From the heading, it must be pretty clear to you that Private Equity in India isn’t exactly the hottest destination right now for thrill-seeking adrenaline junkies i.e. top MBA graduates from across the world who were hoping to get back home and make some serious cash.
But it wasn’t always like that. There was a brief period when the private equity in India was considered by the big global PE firms as the hottest alternative to the conventional, over-saturated and beaten-to-crap-by-the-recession markets (read, USA).
If you are heading to bschool or are attending one, this post should give you a quick flashback of what happened in India, and why it happened. Equip yourself with some history lessons that’ll help you break the ice during the interview with your new recruiter (possibly a partner in a top private equity firm in India, for all we know).
Ignoring all the hoopla that surrounds the industry, you’d be surprised to know that it’s less than a decade old. Of course, it did exist earlier, but till about 2004 it was a little baby sucking on its thumb (and a few modest sized PE funds for nutrition). Then it caught the attention of some (really) rich folks from the developed markets, who saw it as a powerful cash cow in the making.
Lauding the vast growth potential of the fledgling industy, they did what any rich, capitalist stranger who doubles up as a caring care-taker would do. To satiate the baby’s appetite they gave it growth hormones, in the form of billions of dollars.
Our little hungry baby who hadn’t yet become familiar with nutritional columns and Shilpa Shetty’s rejuvenating (can we add uplifting?) yoga videos lapped it all up, without knowing what damage that additional fuel would do to its natural growth.
By 2007, the international funds pumped in a huge amount into private equity in India. Around 300 Private equity funds in Mumbai, Bangalore, Delhi and other key cities had raised about $20 Billion.
The baby’s body grew rapidly, but the brain didn’t. That was the beginning of the downside.
Get ready for a little bit of economic theory (just a little bit though as it’s important to understand what happened next).
What happens when there’s a lot of money in the hands of buyers, while the availability of good products in the market hasn’t changed? The same product becomes more expensive.
The products here are the companies that Private equity funds invest in. The number of potential investment targets did not change, with the influx of easy money. So the price tag on each company (i.e. valuation) shot up.
In a regular economy, what would you do if something was too expensive? If it is not an essential commodity, you’d wait…till the price came down.
However, for private equity funds in India, it was an essential commodity. They had to invest. There was pressure from the headquarters, from the limited partners, from the fund-of-funds to roll up the sleeves and jump into the action, however mindless it was.
Economic theory aside, greed, pressure, ignorance and impatience played a key role in what followed.
– The regular process of digging deep to find out more about the investee companies (the technical term for it is ‘due-diligence’) started getting diluted.
– There was a copy/paste mentality of trying to approach investments in India like they were mature companies in the west.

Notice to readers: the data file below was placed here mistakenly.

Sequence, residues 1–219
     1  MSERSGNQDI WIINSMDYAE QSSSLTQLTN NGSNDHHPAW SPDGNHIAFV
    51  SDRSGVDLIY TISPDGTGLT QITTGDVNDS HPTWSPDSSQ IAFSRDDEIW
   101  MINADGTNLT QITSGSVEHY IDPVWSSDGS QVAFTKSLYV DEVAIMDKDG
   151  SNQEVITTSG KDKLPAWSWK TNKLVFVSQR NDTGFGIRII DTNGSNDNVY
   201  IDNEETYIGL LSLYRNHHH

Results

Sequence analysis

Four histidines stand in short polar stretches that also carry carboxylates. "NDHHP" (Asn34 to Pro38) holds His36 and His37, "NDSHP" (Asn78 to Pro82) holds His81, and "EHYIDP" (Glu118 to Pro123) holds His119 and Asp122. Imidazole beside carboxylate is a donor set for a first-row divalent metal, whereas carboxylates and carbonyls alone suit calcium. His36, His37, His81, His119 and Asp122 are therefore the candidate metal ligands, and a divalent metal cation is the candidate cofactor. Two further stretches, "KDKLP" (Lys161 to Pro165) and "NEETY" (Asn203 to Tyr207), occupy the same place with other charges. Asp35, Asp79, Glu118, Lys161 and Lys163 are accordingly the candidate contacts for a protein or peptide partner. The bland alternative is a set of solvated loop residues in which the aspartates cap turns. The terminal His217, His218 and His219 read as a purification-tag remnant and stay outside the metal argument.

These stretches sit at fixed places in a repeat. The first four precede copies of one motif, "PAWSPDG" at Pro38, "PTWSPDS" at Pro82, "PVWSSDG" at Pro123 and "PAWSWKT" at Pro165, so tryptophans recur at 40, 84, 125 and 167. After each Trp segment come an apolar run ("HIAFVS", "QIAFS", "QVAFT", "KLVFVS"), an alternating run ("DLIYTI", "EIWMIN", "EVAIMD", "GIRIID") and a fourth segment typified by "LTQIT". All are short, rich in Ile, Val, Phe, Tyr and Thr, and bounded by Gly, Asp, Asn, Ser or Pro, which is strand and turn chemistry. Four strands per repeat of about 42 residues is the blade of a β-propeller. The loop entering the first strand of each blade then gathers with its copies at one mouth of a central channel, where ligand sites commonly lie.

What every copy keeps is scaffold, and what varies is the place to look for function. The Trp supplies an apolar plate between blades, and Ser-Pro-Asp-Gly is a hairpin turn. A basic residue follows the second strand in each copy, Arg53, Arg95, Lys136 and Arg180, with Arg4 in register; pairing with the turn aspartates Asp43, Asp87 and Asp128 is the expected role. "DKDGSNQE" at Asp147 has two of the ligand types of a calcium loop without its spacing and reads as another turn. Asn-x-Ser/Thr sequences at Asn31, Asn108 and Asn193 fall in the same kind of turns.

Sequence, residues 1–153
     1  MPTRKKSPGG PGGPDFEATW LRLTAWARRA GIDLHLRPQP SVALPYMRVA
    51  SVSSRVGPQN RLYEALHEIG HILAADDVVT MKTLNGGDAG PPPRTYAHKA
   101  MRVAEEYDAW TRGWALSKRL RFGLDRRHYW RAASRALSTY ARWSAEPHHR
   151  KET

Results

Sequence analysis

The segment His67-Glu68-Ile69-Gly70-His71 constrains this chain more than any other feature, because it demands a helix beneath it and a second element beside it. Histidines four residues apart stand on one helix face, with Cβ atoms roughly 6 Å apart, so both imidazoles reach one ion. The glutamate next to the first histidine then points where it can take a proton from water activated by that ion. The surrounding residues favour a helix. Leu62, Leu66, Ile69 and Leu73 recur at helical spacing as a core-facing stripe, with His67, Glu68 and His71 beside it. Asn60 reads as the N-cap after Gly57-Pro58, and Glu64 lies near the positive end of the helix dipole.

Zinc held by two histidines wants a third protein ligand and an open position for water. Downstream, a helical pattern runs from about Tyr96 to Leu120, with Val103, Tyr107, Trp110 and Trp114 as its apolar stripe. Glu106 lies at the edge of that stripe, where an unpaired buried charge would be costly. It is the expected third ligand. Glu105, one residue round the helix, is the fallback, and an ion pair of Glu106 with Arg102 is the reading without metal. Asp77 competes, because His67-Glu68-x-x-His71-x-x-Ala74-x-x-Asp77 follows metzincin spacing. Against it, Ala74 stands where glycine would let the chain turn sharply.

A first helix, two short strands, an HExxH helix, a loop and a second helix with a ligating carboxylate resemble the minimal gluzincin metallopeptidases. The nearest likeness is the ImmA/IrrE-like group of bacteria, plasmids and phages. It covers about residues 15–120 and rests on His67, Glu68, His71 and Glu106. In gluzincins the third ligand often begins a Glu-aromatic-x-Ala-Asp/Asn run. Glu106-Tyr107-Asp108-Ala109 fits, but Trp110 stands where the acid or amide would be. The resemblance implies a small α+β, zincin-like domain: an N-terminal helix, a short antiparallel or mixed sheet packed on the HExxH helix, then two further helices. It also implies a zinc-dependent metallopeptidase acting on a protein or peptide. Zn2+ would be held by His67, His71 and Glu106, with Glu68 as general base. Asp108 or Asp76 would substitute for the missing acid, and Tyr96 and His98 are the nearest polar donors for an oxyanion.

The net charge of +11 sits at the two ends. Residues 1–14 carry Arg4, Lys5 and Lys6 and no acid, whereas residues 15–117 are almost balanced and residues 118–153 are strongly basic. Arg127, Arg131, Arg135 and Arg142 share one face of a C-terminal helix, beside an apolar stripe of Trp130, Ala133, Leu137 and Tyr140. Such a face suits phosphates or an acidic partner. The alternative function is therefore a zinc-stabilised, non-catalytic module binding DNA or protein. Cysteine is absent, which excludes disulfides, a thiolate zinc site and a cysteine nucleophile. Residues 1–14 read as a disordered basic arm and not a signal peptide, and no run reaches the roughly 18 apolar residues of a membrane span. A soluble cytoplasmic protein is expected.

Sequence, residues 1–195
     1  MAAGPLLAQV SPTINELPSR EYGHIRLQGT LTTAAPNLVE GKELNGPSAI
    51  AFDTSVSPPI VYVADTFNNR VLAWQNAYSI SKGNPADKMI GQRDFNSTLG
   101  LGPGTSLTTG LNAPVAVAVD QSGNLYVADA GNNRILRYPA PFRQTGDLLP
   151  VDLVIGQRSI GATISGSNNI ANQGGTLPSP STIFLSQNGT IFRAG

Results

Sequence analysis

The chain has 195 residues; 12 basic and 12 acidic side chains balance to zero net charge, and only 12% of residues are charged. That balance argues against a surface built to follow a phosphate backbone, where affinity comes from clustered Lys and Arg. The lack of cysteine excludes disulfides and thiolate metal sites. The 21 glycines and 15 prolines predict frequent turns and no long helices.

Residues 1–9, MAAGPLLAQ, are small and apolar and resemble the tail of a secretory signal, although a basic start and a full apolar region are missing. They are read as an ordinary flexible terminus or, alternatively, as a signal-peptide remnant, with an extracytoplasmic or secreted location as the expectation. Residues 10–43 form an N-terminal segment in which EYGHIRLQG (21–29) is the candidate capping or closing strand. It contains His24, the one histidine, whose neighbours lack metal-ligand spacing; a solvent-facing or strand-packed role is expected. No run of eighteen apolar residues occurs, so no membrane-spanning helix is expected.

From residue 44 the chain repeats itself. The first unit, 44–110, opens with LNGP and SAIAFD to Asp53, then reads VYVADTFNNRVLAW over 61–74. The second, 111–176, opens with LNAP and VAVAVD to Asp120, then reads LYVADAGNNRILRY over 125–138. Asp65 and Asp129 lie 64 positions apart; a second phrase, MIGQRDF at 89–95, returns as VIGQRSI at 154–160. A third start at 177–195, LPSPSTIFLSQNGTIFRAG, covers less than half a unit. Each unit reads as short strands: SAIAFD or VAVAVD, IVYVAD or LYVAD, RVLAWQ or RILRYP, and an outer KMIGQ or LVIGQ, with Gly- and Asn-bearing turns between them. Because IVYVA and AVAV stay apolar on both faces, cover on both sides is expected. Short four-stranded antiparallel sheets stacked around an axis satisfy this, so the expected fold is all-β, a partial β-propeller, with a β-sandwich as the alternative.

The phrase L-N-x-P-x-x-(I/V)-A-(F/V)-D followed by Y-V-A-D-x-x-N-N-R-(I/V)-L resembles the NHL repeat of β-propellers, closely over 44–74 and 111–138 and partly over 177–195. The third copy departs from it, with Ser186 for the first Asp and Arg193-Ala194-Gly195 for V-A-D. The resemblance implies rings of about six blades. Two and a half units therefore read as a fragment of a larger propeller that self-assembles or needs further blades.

– The industries that could absorb big money were infrastructure, real estate. But there were issues related to processes, transparency & governance (all very critical for PE investments). Industries like technology, healthcare were all in the fray, but they weren’t superstars.
– There was very little cultural overlap between the guys running the show (entrepreneurs who had grown from the grass-root level) and the folks pumping in money (the elite, super MBA grads from the top bschools)
– In the west, the private equity funds played with leveraged buyouts (investing in troubled companies, changing the management & the operations, and exit with a profit). In India, anything and everything was fair game, as the idea was to ride the growth wave – i.e. make investments in smaller (but growing) companies and sell it off later.
– The little babies who were now pumped up, started believing they were related to The Hulk and started punching above their weight.
All this started having a snow-ball effect. Around 2012, there was an over-supply of private equity funds in India and a very small chunk had been gainfully invested. Private equity in India was letting go off its excess resources (not money, but people). Folks from the best consulting firms and investment banks who had left their stable jobs in search of some PE nectar had to move back to more stable shores.
Looking into our crystal ball, and business publications, there seems to be some more rock-and-roll ahead, before things will become normal. With the 10 year horizon looming for many deals, many PE funds that are sitting on over-valued investments would be hoping to exit soon. And that won’t be a smooth affair. Watch out for some crazy Mergers & Acquisition (M&A) deals, crazy sales, crazy negotiations. In short, yes you guessed it, a little more craziness.
After that the cowboys will hopefully rein in their horses, and play safe in the next investment cycle. Maybe they’ll start offering less risky growth money (debt). Hopefully, valuations will come back to normal.
Hopefully our little baby Hulk will get a second chance to grow up.
Now a little piece of warning. All this baby Hulk business is just to keep this post entertaining for you and for me. When you are talking about this in the interview with your next boss please remember to use regular business terms or he’ll start wondering who’s feeding you all this bizarre stuff. And also a good idea not to think about Shilpa Shetty’s yoga postures during the interview.
Did you find this analysis wala post useful? We introduced it as an experiment. Let me know if it was too academic, or just fine.